“Don’t focus on winning championships, focus on becoming a champion.” – Jon Gordon
I love sports. I always have. For as long as I can remember, I either played, watched or talked about sports. I loved the team celebrations after victories. I loved the passion the players had for their sport. I loved “the thrill of victory and the agony of defeat.” My personal favorite moments are watching teams clinch a championship.
As a young athlete, I used winning championships a personal measuring stick for greatness. If I wasn’t a champion, I internalized this feeling of loss telling myself that I was second rate and not good enough. I took losses personally as if the loss were a reflection on who I am. I was obsessive about winning games, championships and couldn’t stand losing. I was insecure and immature to say the least. My focus and heart valued winning so much that I was overlooking what it means to be a champion.
A championship means you and your team are the best! It’s a moment every player and coach strive for. They spend years planning, preparing, practicing for that one moment to cut down the nets, then celebrate in the clubhouse, coming home to a victory parade, to receive a ring forever symbolizing their commitment to excellence. A championship banner is hung in the rafters for the world to remember this championship.”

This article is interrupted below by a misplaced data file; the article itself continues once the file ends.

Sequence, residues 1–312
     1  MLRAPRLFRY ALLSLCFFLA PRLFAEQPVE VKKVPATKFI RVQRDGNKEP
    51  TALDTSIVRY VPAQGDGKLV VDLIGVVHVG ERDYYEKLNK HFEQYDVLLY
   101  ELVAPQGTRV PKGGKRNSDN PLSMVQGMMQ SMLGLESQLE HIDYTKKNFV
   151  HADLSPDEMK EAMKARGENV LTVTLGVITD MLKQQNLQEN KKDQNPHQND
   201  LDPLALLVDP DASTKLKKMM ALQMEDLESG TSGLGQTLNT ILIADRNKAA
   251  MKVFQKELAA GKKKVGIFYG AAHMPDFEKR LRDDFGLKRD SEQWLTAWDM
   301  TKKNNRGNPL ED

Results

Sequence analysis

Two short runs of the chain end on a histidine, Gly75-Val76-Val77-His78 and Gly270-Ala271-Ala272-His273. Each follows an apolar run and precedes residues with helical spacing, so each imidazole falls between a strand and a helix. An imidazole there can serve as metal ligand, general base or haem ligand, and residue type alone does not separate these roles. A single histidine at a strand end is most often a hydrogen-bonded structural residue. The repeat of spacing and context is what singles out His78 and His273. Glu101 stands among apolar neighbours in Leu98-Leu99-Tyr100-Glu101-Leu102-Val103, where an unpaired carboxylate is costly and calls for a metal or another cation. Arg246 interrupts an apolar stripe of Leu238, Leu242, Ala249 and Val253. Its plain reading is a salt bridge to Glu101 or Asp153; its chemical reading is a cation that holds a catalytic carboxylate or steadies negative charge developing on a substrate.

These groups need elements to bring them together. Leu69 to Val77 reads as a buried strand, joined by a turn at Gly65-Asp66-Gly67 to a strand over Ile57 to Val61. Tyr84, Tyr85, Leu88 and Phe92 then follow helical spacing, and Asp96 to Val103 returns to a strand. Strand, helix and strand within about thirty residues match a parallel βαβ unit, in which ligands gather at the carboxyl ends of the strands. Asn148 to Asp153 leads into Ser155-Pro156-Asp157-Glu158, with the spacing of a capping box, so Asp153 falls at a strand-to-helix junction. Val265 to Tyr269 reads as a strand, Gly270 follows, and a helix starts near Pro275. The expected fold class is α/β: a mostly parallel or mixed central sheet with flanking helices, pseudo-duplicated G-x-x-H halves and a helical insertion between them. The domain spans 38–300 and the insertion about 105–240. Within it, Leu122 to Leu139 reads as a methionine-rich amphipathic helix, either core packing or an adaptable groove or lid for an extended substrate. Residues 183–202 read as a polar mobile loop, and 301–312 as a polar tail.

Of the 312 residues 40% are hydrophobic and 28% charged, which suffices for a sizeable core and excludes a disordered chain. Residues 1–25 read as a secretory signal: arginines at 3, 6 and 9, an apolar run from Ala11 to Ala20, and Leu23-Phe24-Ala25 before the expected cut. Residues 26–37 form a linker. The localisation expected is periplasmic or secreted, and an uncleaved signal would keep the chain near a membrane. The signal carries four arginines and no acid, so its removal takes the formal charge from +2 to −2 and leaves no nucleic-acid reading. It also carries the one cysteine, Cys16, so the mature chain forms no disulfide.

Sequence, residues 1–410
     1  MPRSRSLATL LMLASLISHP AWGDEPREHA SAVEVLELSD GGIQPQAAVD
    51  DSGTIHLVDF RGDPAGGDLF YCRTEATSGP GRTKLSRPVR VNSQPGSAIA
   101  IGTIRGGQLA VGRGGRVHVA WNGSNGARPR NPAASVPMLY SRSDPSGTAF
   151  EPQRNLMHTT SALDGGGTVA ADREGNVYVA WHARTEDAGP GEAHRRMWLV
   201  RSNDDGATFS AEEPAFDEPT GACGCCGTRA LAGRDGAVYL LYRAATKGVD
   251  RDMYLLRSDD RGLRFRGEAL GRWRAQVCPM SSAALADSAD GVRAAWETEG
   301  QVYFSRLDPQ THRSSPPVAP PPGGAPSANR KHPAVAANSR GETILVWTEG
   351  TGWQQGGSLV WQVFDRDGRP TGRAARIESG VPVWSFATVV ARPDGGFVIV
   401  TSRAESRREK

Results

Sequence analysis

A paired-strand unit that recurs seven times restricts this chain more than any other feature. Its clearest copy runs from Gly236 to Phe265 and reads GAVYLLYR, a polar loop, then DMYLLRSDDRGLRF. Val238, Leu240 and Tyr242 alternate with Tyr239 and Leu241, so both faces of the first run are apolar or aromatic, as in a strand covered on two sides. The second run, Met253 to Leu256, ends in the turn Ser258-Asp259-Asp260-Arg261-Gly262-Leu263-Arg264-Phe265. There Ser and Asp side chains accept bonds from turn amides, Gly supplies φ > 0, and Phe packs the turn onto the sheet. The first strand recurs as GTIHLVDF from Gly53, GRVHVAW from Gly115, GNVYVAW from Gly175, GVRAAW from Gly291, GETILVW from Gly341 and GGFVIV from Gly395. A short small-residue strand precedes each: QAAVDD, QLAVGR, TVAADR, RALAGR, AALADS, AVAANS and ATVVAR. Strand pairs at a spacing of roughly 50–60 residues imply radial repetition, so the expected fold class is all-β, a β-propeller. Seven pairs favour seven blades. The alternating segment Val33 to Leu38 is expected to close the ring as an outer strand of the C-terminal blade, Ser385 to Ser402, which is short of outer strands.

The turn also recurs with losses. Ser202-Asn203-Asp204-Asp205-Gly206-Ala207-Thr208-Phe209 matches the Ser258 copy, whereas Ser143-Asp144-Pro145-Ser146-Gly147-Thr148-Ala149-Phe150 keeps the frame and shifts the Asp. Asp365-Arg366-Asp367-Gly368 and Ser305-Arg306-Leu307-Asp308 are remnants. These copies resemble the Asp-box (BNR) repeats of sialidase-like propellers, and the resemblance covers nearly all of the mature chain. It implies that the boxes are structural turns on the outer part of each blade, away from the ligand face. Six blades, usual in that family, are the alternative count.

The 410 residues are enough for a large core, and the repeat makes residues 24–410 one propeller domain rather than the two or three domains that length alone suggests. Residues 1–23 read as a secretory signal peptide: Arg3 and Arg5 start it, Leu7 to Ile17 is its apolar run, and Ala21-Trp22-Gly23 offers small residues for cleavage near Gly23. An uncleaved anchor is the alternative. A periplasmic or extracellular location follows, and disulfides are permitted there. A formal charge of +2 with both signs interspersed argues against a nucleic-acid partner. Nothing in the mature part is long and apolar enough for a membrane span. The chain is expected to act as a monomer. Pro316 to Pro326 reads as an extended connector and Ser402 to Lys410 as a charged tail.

For a player, a championship is fairly or unfairly used as a measuring stick of greatness. Sports media often talk about and compare great players to one another based on their number of championships. This championship comparison culture, in my opinion, has influenced a generation of athletes where the number of championships accumulated is more important than the process of becoming a championship player. Winning is important but who you become in the process is more important. Champions value the journey not just the title.
To me other characteristics of being a champion include:
Champions master the fundamentals and never stop practicing them.
Champions are not satisfied with yesterday’s performance.
Champions are disciplined. They put in the work each day.
Champions map out what greatness means and pursue it with tenacity.
Champions focus on who they want to become.
Champions identify and invest in themselves to get better.
Champions love what they do and do what they love.
Champions are contagious with their passion and drive.
Champions love challenges.
Champions are teachable.
This list is not exhaustive by any stretch of the imagination. My list will differ from yours. I suggest that you take time today to write out what becoming a champion looks like to you.
What are you doing today to become that champion?